Jet Car Racing Engineer
USF engineering student speeds toward career in jet car racing.
By Katy Hennig
TAMPA, Fla. (Nov. 12, 2013) - When you consider the speed in which Kat Moller travels down the racetrack, you understand why the University of South Florida sophomore is studying to fine-tune her mechanical engineering skills.
Moller pilots jet dragster race cars reaching speeds of 300 mph within a quarter mile stretch. Although she’s new to this type of driving, she has been racing traditional cars for almost 10 years. She grew up watching her father race dragsters and helping him tinker in his Sarasota auto body shop, Corvettes West. Moller says she's always known that she wanted to drive race cars, fast.
Kat takes the jet car for a test run.
“When I was 11 my dad got me a Jr. dragster and I started out in that, racing other kids. I've kind of worked my way up through door-cars and then the dragster and now to the jet cars,” said Moller.
Moller decided to pursue a degree in engineering at USF to enrich her knowledge about the dynamics of the race cars and what makes them go fast.
“I knew I wanted a future career in race cars so mechanical engineering is the obvious choice for that, to learn how the cars are built. I think a lot of my classes relate to my experience with racing which is useful,” said Moller.
Moller’s experience with racing has increased exponentially after signing a multi-year contract in August to race the jet cars.
“I was selected to drive a Larsen Motorsports jet car for them; I was a little surprised," said Moller. "I feel like my parents expected it more than I did. I was more skeptical but my dad was like, you’re going get this, and he believed the whole time.” Moller's parents have been with her every step of her racing career and according to Moller, never miss a race.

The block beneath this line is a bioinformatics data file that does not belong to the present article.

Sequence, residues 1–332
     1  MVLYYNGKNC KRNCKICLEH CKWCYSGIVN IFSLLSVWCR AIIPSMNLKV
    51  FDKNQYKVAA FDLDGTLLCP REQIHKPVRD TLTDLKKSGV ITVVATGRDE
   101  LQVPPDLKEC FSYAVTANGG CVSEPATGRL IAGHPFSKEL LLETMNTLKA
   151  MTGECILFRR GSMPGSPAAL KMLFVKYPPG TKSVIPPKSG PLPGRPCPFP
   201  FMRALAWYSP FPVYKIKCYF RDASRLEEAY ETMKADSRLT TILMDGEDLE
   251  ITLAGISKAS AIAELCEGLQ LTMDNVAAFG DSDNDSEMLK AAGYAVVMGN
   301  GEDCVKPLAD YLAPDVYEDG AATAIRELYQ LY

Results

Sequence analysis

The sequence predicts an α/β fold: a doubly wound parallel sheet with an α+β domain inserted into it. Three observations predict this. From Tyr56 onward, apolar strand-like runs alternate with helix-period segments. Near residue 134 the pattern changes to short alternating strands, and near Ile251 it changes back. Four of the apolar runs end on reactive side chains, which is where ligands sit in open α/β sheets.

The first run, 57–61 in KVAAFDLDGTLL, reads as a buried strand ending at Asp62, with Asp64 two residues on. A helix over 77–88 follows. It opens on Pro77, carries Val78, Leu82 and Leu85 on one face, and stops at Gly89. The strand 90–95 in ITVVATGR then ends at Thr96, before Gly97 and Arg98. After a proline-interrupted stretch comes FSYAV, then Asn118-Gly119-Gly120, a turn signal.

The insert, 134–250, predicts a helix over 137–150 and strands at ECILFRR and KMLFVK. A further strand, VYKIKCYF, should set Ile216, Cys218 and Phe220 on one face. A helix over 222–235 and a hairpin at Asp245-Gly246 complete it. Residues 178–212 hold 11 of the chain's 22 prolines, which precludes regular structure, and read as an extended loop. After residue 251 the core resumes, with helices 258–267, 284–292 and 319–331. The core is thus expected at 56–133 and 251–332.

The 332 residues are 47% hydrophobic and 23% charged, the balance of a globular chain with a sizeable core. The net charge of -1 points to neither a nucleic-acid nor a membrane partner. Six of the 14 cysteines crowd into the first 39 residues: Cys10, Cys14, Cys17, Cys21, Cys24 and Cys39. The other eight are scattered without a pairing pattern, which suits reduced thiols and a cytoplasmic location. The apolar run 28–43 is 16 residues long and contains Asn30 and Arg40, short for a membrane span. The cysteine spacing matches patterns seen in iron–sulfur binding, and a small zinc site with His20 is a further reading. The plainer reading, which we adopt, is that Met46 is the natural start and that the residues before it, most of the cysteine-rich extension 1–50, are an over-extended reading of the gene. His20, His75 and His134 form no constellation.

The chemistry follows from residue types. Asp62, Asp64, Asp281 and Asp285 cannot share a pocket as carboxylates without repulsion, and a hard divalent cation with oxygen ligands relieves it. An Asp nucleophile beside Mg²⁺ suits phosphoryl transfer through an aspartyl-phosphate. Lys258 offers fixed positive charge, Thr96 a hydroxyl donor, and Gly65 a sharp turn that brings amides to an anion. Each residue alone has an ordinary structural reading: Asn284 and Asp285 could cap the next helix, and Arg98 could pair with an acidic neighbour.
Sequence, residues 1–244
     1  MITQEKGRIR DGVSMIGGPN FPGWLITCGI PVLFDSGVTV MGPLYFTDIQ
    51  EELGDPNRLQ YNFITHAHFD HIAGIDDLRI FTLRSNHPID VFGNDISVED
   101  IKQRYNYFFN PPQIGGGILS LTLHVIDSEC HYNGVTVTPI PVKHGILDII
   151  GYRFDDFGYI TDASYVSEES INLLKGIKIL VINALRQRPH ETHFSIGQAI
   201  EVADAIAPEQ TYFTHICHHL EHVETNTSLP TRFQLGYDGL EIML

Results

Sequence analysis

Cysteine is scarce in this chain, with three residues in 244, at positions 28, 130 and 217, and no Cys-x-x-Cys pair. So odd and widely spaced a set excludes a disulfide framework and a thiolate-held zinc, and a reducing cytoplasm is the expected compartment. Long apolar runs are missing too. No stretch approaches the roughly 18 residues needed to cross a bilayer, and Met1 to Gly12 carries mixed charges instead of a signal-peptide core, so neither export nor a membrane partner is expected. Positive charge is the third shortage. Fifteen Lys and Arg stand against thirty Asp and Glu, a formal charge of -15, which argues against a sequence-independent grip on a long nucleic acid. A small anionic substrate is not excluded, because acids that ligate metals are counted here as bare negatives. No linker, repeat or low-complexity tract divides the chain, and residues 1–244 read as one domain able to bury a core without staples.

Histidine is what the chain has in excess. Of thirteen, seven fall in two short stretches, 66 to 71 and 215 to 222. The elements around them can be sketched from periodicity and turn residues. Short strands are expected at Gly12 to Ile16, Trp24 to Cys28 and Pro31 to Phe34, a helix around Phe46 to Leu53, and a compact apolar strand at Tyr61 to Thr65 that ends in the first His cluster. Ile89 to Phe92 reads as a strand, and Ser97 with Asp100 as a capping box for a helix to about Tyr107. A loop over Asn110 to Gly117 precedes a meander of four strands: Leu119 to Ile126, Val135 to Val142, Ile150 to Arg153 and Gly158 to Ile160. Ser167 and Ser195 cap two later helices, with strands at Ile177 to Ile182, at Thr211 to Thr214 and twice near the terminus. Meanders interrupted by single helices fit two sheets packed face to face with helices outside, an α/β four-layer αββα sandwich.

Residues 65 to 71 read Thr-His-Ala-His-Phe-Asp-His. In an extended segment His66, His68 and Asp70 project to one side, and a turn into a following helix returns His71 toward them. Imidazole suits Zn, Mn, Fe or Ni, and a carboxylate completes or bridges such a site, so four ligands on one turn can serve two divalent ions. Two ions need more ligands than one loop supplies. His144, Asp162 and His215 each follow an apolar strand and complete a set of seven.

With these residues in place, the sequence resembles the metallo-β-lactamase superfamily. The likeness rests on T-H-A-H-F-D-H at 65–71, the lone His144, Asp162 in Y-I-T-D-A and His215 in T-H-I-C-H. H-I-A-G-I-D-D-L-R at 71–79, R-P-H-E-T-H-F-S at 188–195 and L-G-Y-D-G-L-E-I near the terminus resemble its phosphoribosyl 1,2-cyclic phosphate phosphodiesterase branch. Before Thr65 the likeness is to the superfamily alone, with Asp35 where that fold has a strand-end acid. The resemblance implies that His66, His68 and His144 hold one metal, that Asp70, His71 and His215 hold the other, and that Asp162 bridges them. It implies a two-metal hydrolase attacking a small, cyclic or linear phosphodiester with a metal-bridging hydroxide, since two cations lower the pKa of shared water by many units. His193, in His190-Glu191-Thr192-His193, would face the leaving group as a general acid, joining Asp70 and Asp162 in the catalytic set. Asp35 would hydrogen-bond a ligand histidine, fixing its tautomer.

Piloting the jet cars takes extreme precision and practice and Moller will take several test runs before earning her license in the vehicle. Jet cars are engineered for speed, built aerodynamically with a jet engine for power and burn bio-diesel or jet A fuel.
“It’s the cars with the long pointy noses and the tires in the back are bigger than the ones on the front," explains Moller. "It just provides more aerodynamics and with the engine-powered cars it gives the traction needed to go that fast.”
“We are limited at 320 mph; we usually don’t run quite that fast because we don’t have time to shut off and slow the car down before the end of the track, so we usually run at about 300 mph.”
Moller is on an engineering track at USF, driven to have a career in racing and is determined to blend her passion and education. She is currently studying Dynamics of Movement, Physics 2, Statistics and Calculus and she is geared to enter the mechanical engineering program this Spring.
“It’s that adrenaline rush when you go down the track. There is really nothing else like it.”
Katy Hennig can be reached at (813) 974-6993